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BoE holds rates; cuts anticipated

 

Was That the Big Pivot?  

European indices opened higher on Friday morning and global stocks are set for a healthy weekly gain with London, Paris and Frankfurt rallying 2-3% for the week, whilst Wall Street’s major indices are looking at posting gains of about 5%. Asian equities firmed overnight after the S&P 500 rallied almost 2% to rally north of the 200-day line again. Decent enough earnings are part of the story, but the major shift seems to be coming from central banks: the peak seems to be in, even if they are still pressing home the message that they might do more. The Fed in particular offered markets a sense that there is no more to come. Jobs data is key now for the Fed – it can only cut when the labour market cracks – so nonfarms today will be important. Yields have retreated sharply with the US 10yr back towards 4.6% and its lowest since mid-October.  We had seen a sharp swing up for yields so this retreat is part of a crowded trade unwinding in the face of the Fed; I don’t think as some that it’s the start of the bond bull market…we are into a multi-year bond bear market and multi-year ranges for stocks. 

  

Non-Farms and Oil 

Nonfarm payrolls today seen at 180K for October, roughly halving from September’s 336K increase. Earnings are seen +0.3%, unemployment steady at 3.8%. Jolts was strong this week, ADP soft. Last month the Jolts report was the better guide for the NFP. The dollar trades towards the lower end of the week’s range – a hot print can push up Treasury yields and support otherwise a retest of 105.30 for DXY futs might be on. Also watch the ISM services PMI, looking at the headline but also the prices index. 

Oil has gained for a second day after the market decided the Fed is done with hiking. But it’s still on course for a sharp weekly reversal on reduced geopolitical premium from the Middle East as the Israel-Hamas conflict didn’t - thus far – draw in too many other regional factions. Yesterday Brent fell to its lowest since before the atrocities of October 7th, whilst WTI plumbed its weakest since August before both rallied. 

  

A Turning Point for Rates? 

Yesterday, the Bank of England left interest rates unchanged, but signalled a willingness to raise again if required. But nobody is really buying it; less so much the resolve than the actuality of the situation. Growth is flatlining, unemployment is going to rise – the barrier to hiking again gets higher. But that does not mean cuts are forthcoming; the view from Table Mountain is pretty good for now. Markets moved to price in a cut by August.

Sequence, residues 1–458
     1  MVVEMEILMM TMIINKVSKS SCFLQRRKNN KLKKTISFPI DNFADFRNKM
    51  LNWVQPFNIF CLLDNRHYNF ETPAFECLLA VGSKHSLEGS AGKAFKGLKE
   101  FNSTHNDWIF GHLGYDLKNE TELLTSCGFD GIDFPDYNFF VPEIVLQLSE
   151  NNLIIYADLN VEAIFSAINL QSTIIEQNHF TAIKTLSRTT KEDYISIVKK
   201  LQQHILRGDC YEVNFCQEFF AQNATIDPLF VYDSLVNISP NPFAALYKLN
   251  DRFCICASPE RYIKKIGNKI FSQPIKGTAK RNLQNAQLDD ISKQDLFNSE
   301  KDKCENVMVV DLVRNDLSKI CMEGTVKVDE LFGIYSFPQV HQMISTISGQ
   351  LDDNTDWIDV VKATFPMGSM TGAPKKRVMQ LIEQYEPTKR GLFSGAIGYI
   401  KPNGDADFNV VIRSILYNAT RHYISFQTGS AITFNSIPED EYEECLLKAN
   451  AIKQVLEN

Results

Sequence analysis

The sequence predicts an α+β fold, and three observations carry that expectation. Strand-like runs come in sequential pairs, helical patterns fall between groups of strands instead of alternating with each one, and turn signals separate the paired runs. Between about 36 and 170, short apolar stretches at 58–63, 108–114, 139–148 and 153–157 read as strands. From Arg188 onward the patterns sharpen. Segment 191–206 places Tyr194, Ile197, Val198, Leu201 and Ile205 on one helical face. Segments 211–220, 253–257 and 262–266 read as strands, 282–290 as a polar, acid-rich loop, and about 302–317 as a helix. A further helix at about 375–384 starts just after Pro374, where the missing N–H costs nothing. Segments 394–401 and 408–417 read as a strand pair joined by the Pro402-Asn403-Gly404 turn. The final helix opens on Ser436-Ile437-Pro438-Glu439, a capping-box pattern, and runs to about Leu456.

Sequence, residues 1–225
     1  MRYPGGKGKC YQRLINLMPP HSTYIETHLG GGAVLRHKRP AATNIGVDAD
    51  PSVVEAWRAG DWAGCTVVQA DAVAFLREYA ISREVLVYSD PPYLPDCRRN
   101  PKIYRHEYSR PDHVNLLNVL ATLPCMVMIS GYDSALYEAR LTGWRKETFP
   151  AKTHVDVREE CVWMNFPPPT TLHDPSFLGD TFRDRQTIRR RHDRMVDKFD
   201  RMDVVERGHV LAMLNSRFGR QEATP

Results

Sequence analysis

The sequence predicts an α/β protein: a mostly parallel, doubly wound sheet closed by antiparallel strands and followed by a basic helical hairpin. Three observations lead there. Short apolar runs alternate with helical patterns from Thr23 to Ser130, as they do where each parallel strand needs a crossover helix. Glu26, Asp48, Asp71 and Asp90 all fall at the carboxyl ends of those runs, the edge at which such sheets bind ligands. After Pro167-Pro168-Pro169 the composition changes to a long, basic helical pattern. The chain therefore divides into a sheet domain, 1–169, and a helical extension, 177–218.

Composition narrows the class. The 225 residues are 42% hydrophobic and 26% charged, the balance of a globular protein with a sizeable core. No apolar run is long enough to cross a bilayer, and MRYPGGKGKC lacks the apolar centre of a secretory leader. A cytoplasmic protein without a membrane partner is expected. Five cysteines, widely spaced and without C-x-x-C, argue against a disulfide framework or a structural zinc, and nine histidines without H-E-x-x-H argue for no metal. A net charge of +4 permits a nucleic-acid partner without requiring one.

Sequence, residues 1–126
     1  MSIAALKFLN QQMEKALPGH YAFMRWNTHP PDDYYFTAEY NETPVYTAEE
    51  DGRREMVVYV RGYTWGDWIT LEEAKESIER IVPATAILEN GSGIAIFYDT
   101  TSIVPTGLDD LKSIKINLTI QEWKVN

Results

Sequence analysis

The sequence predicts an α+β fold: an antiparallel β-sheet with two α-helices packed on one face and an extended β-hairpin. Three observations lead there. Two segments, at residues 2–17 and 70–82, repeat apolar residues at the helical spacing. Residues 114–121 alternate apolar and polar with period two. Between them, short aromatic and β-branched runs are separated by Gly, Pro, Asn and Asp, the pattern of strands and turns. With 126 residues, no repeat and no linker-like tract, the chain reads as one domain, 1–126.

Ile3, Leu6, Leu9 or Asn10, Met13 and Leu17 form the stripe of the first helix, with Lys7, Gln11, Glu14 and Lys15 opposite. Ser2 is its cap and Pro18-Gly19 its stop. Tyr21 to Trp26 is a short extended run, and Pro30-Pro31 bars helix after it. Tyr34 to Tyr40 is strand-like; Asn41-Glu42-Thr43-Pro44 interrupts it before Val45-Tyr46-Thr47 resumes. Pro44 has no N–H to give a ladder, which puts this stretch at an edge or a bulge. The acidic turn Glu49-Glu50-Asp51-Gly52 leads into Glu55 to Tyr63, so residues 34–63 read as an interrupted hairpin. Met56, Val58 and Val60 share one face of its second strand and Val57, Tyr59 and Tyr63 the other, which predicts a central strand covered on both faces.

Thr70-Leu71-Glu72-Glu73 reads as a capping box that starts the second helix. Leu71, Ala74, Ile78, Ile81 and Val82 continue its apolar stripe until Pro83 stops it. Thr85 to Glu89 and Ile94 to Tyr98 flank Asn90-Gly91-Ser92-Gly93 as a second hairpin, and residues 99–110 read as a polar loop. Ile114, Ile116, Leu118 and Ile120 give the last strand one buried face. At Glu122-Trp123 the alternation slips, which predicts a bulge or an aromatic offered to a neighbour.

Does the Fed cut early next year? BofA: “So much anger, so much hate, yet unemployment so low; can you imagine the social disorder if unemployment hits 5%; that’s why policy panic comes early in ‘24.” I don’t buy it; unwinding the higher for longer message will take time. Still, front running the first cut is the name of the game. And if CBs are accepting inflation will be higher – the symmetric approach implies a readiness to cut.   

  

ECB Comments  

ECB’s Schnabel warned about the difficulties facing central banks in getting inflation to 2%, alluding to the fact that they will need to accept structurally higher inflation. She said “bringing inflation from here back to 2% in a timely manner may be more difficult…Headline inflation in the euro area declined rapidly to 2.9% in October from its peak of 10.6% one year earlier…Oil and gas prices, in particular, have come down remarkably fast from the highs…underlying price pressures can prove much stickier than volatile commodity prices…the disinflation process is projected to slow significantly…there is large uncertainty about how structural changes will affect activity in the euro area and globally, making the calibration of monetary policy more difficult”  

  

Apple Falls Not Too Far from the Tree 

Apple shares slipped in after-hours trading on Wall Street and opened lower in Frankfurt after earnings mostly exceeded expectations but failed to really impress investors that the current quarter is going to be much better than feared. The numbers also showed hardware and China remain problematic (relatively speaking!). Fiscal fourth quarter earnings beat but the company reported a fourth consecutive period of revenue declines. Sales of the iPhone rose 2%, but Mac sales –34% was worse than expected, iPad –10%. Services +16% was way ahead of forecasts and helped lift the gross profit margin. Revenue from Greater China was down 2.5%, $2bn below expectations. So, a story of Apple – iPhone proves resilient though questions persist over the pace of the replacement cycle and new iPhone 15 device; China remains a bit of an unknown; other hardware sales are lumpy; Services growth is key to the story. 

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